IRS's records showed that before the 2003 Form 941C was filed, Pacific West's employment tax liability shown on the incorrectly filed Form 941 for the second quarter of 2003 had been overpaid by the periodic deposits credited against that liability. The records further showed that the disputed abatement resulted in an overpayment in the same amount for that quarter, and that the overpayment was applied against Pacific West's employment tax liabilities for periods dating back to’99.

The disputed abatement resulted in a discrepancy between Pacific West's total employment tax liability for all quarters of 2003 of $1,670,166.69, an amount agreed on by the parties, and the lesser amount that IRS's records showed as having been assessed for those quarters. The amount of this discrepancy ultimately resulted in IRS making a supplemental assessment for the fourth quarter of 2003. IRS's determinations to uphold the filing of a NFTL and to collect this amount via levy were subsequently upheld, and Pacific West filed its Tax Court petition in response.

Parties' arguments. The parties agreed to the amount of the liability and that IRS appropriately assessed that amount, but Pacific West claimed that its liability had already been paid. Pacific West argued that none of the situations that allow for an abatement applied to the second quarter of 2003. Therefore, according to Pacific West, there was no “overpayment” for that period that would allow IRS to re-apply deposits that were originally applied to that quarter.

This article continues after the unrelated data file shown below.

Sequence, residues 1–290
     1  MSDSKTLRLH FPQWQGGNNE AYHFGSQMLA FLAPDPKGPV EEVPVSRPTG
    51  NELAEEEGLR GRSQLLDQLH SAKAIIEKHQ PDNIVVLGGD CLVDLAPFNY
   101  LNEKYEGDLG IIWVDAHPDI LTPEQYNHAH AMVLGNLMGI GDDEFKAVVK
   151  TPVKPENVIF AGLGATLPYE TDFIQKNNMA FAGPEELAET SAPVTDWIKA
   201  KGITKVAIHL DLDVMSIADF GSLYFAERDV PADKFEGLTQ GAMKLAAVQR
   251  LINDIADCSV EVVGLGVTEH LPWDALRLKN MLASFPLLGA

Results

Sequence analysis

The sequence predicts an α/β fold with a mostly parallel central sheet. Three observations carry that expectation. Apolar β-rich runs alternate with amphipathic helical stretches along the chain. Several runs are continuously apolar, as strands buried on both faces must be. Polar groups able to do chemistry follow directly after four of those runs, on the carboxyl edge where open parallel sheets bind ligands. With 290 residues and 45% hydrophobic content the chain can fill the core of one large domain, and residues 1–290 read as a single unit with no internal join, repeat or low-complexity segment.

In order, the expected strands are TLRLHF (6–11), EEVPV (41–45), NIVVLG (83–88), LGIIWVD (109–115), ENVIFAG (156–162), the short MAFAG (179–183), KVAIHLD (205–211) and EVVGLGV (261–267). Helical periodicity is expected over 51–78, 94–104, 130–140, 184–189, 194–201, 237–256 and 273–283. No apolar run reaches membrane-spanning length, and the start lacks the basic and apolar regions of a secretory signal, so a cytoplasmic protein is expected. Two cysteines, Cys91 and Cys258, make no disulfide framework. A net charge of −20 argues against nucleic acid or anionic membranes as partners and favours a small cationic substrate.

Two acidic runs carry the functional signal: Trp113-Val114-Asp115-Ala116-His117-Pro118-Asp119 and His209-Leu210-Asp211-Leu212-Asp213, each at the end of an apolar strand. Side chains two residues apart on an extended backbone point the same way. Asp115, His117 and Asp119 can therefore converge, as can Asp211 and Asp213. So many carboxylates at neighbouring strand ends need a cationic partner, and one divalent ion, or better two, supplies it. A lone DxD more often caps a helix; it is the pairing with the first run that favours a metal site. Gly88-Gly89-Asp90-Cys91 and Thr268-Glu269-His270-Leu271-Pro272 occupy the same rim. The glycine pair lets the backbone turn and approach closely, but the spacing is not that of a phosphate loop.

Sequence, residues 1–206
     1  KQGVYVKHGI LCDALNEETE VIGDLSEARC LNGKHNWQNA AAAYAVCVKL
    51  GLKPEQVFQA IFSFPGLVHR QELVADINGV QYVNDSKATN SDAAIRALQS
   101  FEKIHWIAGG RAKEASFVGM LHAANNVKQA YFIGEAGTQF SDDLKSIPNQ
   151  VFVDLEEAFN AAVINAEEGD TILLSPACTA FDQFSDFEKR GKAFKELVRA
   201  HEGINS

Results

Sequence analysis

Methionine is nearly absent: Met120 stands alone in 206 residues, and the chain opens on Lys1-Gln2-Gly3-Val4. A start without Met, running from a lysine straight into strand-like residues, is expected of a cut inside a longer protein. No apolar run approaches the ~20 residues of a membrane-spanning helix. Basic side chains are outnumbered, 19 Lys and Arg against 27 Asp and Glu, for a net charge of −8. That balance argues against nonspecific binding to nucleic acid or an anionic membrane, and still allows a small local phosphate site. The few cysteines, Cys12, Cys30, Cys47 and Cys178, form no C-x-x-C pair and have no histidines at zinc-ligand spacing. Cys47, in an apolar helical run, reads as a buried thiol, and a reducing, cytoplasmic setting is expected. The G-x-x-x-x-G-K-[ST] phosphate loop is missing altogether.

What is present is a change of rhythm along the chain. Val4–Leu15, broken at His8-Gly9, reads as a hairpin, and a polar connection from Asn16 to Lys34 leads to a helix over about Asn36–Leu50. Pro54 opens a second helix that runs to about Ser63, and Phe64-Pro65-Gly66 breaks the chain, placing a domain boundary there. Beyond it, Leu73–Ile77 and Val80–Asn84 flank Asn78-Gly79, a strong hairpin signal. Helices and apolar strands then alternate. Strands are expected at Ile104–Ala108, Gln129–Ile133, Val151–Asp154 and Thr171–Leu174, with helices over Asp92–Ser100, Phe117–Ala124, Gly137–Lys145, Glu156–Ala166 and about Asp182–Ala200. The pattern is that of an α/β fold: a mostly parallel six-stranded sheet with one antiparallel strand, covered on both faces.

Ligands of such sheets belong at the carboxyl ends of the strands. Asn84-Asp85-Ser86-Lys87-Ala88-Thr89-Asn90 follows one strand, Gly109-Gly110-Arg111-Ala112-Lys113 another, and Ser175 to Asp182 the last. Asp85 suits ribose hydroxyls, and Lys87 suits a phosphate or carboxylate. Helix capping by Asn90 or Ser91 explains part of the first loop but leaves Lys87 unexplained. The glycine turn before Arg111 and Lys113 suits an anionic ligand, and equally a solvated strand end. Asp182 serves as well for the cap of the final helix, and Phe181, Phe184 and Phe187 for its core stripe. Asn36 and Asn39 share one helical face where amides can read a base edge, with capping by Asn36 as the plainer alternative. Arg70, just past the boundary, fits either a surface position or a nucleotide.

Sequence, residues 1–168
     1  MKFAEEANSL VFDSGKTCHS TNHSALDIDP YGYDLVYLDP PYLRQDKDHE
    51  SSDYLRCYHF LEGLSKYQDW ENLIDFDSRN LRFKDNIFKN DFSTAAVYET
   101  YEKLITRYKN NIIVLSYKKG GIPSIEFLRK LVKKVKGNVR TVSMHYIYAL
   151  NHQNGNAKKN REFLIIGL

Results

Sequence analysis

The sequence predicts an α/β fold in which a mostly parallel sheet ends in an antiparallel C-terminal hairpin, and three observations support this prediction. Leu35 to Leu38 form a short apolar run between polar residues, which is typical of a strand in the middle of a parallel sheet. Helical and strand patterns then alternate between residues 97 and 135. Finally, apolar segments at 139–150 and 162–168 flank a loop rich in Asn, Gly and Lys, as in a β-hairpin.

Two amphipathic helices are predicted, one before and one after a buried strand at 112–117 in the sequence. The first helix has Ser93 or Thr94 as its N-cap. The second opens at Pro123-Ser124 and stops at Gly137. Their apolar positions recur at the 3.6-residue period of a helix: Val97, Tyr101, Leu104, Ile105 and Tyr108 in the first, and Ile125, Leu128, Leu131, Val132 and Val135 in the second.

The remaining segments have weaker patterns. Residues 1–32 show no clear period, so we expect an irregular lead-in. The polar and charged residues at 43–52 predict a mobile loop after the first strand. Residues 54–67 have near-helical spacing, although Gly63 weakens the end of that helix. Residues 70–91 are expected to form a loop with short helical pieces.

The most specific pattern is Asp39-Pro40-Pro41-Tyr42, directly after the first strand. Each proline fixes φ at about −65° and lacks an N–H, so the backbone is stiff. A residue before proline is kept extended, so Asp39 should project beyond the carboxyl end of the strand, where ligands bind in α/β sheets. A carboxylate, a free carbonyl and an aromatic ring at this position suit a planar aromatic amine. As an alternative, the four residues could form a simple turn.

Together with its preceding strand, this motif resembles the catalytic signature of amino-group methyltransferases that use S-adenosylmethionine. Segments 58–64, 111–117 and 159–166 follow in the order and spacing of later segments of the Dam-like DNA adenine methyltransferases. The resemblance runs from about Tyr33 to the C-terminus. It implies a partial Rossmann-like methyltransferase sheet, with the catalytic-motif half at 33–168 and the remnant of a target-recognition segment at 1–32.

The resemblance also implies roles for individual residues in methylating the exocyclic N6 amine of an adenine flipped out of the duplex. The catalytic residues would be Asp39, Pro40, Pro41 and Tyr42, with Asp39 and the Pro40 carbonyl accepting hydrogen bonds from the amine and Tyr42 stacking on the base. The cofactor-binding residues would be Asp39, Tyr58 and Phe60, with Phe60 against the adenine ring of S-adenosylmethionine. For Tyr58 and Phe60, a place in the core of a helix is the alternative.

Tax Court largely sides with IRS. The Tax Court determined that Pacific West's argument failed to take into account its abatement request on its 2003 Form 941C. The $115,460.47 requested abatement, which when combined with the additional $15,379.67 assessment, resulted in a $100,080.80 abatement, was shown in IRS's records as an overpayment which IRS was free to apply to Pacific West's employment tax liabilities for previous quarters.

The Court also observed that a portion of the disputed underlying liability was attributable to IRS's imposition of a Code Sec. 6656 penalty, which was apparently imposed based on Pacific West's failure to have made sufficient deposits to satisfy its after-the-fact determined employment tax liability for the fourth quarter of 2003. The Court rejected the Code Sec. 6656 penalty based on reasonable cause, noting the “unusual and at least partially unexplained manner” in which Pacific West's fourth quarter liability came about. Accordingly, the portion of the underlying liability attributable to the penalty was abated.

Since Pacific West didn't raise any other arguments regarding IRS's compliance with the Code Sec. 6320 and Code Sec. 6330 requirements, and since IRS appeared to have satisfied these requirements, the Court determined that IRS could proceed with collection against Pacific West, subject to the Code Sec. 6656 penalty abatement.

References: For application of overpayments to other amounts owed by a taxpayer, see FTC 2d/FIN ¶T-6003; United States Tax Reporter ¶64,024; TaxDesk ¶803,014; TG ¶70801.